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With your MA-degree you could become a policy consultant, or an advisor to national and international governmental organizations and NGOs. You could also become an expert on how to deal with multilingualism in education, or on how to approach language planning for governments.

Upon graduation students hold a (60 ECTS) MA degree in Linguistics with specialisation in Multilingualism from the University of Groningen. A student's career after that depends on the kind of person they are. The field of multilingualism is open for enterprising minds. Being one of the main challenges in a globalizing world multilingualism creates many issues, situations and problems that can be solved only by experts.

Linguistics is a field of science that is becoming increasingly important to other fields. Language is central to the study of human behaviour and activities. A degree in Linguistics can therefore also see you into a career in related fields such psychology, sociology, computer science or education sciences. Many of the skills you are taught in an MA in Linguistics are transferable. You will probably find that your analytical competence, ability to write, as well as your capacity to solve problems will significantly improve after studying towards an MA degree.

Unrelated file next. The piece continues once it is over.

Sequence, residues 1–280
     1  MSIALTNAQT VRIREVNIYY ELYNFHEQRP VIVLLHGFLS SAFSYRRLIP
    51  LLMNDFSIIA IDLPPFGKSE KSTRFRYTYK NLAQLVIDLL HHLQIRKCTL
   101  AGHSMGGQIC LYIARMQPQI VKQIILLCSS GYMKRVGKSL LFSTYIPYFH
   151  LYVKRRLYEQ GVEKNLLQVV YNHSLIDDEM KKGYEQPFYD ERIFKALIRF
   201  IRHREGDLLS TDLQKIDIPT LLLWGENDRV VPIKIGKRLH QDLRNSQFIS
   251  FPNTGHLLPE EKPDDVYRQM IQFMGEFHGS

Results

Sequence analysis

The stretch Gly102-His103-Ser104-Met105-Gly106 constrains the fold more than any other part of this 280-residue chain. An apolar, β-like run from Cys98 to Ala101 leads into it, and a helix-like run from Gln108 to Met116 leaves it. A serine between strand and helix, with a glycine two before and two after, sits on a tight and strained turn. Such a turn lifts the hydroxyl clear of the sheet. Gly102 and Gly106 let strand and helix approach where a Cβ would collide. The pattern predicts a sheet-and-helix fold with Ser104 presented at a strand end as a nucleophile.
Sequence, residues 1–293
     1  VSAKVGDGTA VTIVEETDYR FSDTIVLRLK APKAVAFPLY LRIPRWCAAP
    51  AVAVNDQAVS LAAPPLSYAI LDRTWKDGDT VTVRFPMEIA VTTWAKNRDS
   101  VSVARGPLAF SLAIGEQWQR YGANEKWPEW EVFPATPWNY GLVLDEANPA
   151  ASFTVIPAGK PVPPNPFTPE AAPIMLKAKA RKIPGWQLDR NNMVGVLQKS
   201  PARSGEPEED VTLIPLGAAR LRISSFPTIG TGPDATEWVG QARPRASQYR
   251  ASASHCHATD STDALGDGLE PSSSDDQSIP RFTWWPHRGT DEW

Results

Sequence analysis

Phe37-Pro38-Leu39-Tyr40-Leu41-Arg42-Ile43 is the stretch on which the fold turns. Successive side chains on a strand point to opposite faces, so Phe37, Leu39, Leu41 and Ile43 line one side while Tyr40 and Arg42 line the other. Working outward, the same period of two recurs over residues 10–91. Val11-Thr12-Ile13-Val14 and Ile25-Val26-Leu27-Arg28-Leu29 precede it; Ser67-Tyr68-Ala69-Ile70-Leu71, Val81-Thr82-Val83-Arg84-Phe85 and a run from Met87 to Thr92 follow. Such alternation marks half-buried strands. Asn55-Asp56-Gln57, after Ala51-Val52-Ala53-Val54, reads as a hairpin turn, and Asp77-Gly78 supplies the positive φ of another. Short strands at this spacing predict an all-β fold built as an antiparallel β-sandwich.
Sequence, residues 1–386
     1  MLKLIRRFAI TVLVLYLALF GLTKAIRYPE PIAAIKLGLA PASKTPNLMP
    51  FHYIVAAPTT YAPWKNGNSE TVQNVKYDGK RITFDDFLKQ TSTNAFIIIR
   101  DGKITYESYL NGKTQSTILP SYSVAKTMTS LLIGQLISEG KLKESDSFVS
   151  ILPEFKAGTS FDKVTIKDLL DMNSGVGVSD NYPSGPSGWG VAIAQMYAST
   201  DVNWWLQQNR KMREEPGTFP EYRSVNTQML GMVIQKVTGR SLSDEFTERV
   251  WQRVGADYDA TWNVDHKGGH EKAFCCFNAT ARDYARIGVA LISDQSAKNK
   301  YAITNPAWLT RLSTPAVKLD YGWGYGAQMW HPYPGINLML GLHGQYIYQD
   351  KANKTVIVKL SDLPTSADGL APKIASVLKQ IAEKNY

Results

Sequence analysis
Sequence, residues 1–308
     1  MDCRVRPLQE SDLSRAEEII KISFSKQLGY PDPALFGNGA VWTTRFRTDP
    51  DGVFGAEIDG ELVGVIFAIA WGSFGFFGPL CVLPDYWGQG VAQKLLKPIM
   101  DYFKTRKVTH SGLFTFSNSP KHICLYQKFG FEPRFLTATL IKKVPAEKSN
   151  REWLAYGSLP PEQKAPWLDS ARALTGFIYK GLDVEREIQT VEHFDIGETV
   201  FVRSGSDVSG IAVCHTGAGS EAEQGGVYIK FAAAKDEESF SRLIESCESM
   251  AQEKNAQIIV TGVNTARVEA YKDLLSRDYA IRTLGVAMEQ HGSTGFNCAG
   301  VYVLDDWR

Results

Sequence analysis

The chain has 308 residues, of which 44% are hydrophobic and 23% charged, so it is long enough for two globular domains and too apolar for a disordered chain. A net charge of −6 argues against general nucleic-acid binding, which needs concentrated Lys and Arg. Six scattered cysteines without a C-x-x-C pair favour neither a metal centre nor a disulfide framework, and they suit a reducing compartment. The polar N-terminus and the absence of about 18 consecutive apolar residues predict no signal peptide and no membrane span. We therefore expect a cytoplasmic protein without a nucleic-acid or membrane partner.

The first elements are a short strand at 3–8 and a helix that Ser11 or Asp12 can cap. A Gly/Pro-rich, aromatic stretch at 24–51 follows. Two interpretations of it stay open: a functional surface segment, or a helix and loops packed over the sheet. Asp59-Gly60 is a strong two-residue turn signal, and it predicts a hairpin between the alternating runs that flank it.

We advice our students to complete an internship in the field of their interest. In term one of the MA a career class is organised with more information.

With your MA-degree you could become a policy consultant, or an advisor to national and international governmental organizations and NGOs. You could also become an expert on how to deal with multilingualism in education, or on how to approach language planning for governments.

Upon graduation students hold a (60 ECTS) MA degree in Linguistics with a track in Multilingualism from the University of Groningen. A student's career after that depends on the kind of person they are. The field of multilingualism is open for enterprising minds. Being one of the main challenges in a globalizing world multilingualism creates many issues, situations and problems that can be solved only by experts.

Linguistics is a field of science that is becoming increasingly important to other fields. Language is central to the study of human behaviour and activities. A degree in Linguistics can therefore also see you into a career in related fields such psychology, sociology, computer science or education sciences. Many of the skills you are taught in an MA in Linguistics are transferable. You will probably find that your analytical competence, ability to write, as well as your capacity to solve problems will significantly improve after studying towards an MA degree.

We advice our students to complete an internship in the field of their interest. In term one of the MA a career class is organised with more information.

Potentiële beroepen

  • Consultant
  • Teaching specialist
  • Researcher
  • Civil servant
  • Communication specialist